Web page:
It must have been about a year ago when Stuart and I were exploring West Mersea that we came across seven Mediterranean Gulls amongst a flock of Black-headed Gulls in the car behind the beach huts near Seaview Caravan Park. We had assumed that they were a permanent feature of West Mersea but, despite several searches along this part of the coastline during the winter, we have been unable to find any.
However, with Spring almost upon us, they have started to appear again and we made another concerted effort on Friday 30th March 2012. We parked by Seaview and walked out onto the beach. The tide was out and on the mudflats we could see a single 1st Winter bird. I went to get my camera and came back to find a group of people walking out on the shingle spit close to where the bird was feeding. Luckily, as they approached, rather than flying, it just walked to a safer distance and I was able to get some shots. Note the ring on the right leg above the knee.
The bird eventually flew off and, as there were no other gulls of interest around, we made our way to East Mersea.
By the time we returned to West Mersea the tide was in and we immediately found a Med Gull on the beach by one of the groynes. At first glance you would think it was an adult but closer inspection reveals a couple of narrow black lines on the wing tips making it a 2nd Winter. Unfortunately I only managed one decent shot before the bird was flushed by dogwalkers.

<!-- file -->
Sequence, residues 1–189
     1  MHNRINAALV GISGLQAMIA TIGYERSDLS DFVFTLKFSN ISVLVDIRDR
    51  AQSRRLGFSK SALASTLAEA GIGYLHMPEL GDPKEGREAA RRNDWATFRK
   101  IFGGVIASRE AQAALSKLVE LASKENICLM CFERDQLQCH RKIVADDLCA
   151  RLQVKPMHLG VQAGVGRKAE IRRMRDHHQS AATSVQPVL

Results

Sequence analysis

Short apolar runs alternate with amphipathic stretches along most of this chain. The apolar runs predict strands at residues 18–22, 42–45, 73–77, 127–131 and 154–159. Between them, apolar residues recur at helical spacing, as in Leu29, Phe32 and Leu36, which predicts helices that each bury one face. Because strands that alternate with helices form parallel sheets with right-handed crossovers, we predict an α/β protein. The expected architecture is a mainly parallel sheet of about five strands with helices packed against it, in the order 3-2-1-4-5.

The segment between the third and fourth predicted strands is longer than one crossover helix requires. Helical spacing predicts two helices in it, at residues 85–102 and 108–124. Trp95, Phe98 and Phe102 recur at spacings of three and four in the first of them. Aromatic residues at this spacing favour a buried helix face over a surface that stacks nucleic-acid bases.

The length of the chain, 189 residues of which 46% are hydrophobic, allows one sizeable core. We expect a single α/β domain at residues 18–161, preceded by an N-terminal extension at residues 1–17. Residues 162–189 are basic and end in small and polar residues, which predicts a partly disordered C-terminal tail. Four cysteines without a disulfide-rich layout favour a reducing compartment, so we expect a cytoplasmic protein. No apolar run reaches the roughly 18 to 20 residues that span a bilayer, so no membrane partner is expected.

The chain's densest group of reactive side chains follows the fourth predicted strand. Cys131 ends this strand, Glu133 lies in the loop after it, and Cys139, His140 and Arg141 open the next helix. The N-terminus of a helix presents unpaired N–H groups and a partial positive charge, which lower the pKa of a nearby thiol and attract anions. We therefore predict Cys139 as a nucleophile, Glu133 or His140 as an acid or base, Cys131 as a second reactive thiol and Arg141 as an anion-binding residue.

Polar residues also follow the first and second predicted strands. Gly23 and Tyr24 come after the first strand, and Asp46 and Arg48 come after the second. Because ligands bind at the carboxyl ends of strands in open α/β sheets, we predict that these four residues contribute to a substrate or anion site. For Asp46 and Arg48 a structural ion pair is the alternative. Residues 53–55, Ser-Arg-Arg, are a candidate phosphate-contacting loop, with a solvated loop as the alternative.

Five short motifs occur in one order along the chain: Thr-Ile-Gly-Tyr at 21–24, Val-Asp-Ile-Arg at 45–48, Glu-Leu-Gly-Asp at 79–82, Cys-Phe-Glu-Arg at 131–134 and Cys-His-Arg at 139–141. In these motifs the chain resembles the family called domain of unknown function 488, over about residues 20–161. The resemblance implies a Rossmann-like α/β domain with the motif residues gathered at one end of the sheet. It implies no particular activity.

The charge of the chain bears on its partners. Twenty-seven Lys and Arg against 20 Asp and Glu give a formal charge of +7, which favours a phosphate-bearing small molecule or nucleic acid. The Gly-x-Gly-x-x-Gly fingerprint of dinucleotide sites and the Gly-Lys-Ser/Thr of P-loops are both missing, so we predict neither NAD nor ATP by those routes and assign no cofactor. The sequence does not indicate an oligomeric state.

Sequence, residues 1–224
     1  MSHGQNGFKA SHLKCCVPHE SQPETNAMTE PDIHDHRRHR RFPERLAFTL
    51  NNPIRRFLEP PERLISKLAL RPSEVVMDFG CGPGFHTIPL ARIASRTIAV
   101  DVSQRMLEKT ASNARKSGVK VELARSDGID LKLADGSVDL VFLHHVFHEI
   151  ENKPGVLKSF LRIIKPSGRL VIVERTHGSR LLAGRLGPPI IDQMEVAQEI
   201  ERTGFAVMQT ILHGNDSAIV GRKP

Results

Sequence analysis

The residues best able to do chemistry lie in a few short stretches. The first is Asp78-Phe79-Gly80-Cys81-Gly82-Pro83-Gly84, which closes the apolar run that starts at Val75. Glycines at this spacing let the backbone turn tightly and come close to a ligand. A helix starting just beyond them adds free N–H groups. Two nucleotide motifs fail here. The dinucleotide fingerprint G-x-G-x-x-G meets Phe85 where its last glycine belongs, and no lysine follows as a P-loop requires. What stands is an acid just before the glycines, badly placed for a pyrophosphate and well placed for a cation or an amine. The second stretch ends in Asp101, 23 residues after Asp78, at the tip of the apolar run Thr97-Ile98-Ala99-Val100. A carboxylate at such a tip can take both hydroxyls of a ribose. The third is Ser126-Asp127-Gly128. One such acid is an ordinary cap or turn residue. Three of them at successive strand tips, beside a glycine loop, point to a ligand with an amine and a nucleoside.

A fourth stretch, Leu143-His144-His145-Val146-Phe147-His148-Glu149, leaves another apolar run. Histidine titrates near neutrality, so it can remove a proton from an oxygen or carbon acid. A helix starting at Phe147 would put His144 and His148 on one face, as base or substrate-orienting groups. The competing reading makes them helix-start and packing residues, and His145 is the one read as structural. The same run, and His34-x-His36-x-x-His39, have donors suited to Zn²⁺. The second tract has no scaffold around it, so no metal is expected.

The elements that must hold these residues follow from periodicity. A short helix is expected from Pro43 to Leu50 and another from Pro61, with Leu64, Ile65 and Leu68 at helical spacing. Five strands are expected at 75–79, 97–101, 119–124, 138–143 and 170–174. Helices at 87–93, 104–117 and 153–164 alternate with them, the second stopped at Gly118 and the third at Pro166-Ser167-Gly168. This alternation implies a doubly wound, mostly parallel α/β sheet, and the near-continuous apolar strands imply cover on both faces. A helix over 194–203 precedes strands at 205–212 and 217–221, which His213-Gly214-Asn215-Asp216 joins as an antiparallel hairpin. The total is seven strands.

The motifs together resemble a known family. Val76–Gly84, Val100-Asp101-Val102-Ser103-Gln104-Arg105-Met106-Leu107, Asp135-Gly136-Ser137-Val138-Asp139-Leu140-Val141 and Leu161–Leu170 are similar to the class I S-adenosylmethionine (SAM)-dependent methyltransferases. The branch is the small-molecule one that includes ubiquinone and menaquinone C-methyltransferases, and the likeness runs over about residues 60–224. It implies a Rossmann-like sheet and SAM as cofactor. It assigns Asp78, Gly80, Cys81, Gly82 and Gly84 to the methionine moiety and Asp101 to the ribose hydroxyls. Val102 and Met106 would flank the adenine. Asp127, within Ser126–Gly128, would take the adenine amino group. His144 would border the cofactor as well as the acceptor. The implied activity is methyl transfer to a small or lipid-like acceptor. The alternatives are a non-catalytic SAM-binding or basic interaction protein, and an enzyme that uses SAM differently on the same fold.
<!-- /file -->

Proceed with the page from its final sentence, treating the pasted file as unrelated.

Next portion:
All was quiet again until, totally unexpectedly, a lady appeared from one of the beach huts and proceeded to walk down the beach where she produced a bag of bread and started throwing it up into the air. Naturally, I was expecting a large flock of gulls to appear from nowhere to snatch up this easy meal, but none came. The lady turned and walked back up the beach. It wasn't until a few minutes later that one gull arrived and circled over the feast, followed by another until within seconds the air was a melee of Med and Black-headed Gulls, providing plenty of opportuniteis for flight shots. The only problem was that the action was so fast that at times it was difficult to pick out a particular bird and focus before it went out of range.
The first two shots are of 1st Winter birds with their dark wing, dark grey mantle and their distict aggressive-looking mask
The next two photos are of 2nd Winter gulls with their residual black tips to the primaries. Unfortunately, today there were no full adults so we will have to save that for another day.